A Major Problem With The Internet No One Is Talking About

By Toby Tunwase

Image: Shutterstock

Until the advent of the internet, archiving anything was done primarily through writing it down by hand – first on stones, then on parchment, papyrus, and eventually the paper we use today. Temples, libraries, and vaults protected these books against war, decay, and theft for centuries. Some materials have survived thousands of years thanks to this approach. And as time went on and printing presses were everywhere, if one storehouse failed, the knowledge held within would not be lost because multiple copies were stored in multiple libraries. When documents were secretly altered, they could be compared with other copies to detect the alteration and fix it.

The internet brought improvements to storage methods. In addition, trillions of other relevant documents could be linked online – an upgrade to the scope of the older, physical libraries. With the click of a finger, information now flows freely, in a way similar to magic.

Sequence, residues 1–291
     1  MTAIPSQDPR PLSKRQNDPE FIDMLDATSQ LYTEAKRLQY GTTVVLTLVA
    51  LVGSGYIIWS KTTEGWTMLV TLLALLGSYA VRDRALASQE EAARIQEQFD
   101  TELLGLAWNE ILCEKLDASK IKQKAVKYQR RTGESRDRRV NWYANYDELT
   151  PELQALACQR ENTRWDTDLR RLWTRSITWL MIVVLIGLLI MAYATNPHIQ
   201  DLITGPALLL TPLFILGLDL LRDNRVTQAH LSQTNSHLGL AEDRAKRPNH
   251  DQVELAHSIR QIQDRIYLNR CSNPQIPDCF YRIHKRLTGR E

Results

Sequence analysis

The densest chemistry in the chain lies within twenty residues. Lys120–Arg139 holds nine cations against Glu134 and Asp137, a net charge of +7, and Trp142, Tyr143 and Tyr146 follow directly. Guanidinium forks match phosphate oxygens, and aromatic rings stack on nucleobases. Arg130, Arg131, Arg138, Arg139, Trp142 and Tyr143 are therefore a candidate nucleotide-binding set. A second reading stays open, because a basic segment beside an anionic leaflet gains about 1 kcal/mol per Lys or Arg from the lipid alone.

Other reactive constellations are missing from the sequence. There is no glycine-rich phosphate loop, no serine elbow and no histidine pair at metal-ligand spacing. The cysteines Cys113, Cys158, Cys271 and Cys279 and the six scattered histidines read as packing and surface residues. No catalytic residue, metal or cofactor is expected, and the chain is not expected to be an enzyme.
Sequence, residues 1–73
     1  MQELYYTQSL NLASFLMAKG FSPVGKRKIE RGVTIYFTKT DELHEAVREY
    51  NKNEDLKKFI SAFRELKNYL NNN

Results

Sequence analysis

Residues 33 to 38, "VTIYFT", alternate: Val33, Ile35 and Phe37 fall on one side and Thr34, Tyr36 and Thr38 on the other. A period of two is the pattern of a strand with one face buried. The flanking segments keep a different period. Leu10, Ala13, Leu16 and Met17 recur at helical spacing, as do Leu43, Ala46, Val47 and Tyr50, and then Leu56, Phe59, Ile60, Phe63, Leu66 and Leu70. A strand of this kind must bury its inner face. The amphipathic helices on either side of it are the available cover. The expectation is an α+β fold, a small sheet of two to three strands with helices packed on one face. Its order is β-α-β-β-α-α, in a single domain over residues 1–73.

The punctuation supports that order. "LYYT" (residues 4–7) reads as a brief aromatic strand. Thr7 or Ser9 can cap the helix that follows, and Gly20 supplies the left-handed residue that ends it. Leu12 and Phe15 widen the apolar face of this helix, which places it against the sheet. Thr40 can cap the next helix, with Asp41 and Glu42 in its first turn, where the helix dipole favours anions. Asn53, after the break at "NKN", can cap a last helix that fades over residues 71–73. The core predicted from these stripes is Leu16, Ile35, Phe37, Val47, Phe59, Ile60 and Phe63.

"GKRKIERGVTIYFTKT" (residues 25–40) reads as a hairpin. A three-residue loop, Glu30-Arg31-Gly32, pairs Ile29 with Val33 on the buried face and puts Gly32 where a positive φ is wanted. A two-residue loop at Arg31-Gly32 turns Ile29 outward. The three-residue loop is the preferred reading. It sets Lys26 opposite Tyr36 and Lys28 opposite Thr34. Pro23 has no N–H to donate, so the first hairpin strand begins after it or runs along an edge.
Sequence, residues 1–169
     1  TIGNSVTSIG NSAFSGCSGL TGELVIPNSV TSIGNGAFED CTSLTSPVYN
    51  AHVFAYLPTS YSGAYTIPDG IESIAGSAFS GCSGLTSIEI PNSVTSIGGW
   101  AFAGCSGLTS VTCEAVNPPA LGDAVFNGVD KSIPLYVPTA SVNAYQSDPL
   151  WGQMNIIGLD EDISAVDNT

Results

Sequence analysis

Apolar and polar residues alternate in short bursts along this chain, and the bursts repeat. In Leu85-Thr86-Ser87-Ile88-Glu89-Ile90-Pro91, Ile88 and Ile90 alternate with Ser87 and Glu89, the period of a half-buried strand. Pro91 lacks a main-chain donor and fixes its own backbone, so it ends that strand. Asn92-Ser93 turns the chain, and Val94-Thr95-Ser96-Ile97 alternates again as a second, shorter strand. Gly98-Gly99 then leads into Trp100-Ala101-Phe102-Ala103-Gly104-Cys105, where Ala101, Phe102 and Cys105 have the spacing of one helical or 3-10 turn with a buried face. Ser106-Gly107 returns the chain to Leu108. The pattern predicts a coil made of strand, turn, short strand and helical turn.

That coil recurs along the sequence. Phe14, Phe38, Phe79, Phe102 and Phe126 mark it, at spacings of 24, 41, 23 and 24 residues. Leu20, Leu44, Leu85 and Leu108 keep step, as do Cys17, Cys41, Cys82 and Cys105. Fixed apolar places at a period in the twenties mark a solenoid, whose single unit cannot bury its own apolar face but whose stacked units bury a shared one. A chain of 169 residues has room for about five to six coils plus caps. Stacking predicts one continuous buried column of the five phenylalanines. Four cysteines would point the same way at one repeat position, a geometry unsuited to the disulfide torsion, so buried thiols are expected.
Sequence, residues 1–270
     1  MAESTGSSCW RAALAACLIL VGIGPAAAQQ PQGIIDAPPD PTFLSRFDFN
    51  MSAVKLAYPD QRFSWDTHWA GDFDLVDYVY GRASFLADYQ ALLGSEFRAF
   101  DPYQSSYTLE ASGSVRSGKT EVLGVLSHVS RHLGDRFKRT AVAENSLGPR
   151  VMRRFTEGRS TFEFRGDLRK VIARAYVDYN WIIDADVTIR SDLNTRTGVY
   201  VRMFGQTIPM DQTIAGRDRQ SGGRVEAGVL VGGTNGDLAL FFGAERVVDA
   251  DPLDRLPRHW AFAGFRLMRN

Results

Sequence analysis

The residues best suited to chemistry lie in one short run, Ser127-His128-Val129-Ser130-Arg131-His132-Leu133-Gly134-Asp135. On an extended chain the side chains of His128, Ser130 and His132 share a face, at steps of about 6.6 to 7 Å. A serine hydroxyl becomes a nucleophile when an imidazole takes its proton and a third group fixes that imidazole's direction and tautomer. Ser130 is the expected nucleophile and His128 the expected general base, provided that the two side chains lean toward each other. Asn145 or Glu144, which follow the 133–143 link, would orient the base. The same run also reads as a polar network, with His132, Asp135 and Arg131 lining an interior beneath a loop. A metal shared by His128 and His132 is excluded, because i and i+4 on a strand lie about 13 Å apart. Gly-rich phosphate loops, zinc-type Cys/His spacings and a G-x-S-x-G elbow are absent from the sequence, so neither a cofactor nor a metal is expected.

However, one problem arose – the internet began to rot. We’re not talking about the perverse or adult content sites that anyone can access, although there’s that, too. But links within the internet have rotted, meaning that websites have been modified or scrapped altogether without warning. Princeton University researchers found that between 1994 and 2016, 75 percent of scholarly article references had rotted.

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When some links cease to work, what happens to articles or research journals that cited them as references?

And the bigger question is: did the authors save their drafts? Surely they did. Also, are there physical copies of all of these articles? What happens if there is a huge crash? It’s truly frightening to consider.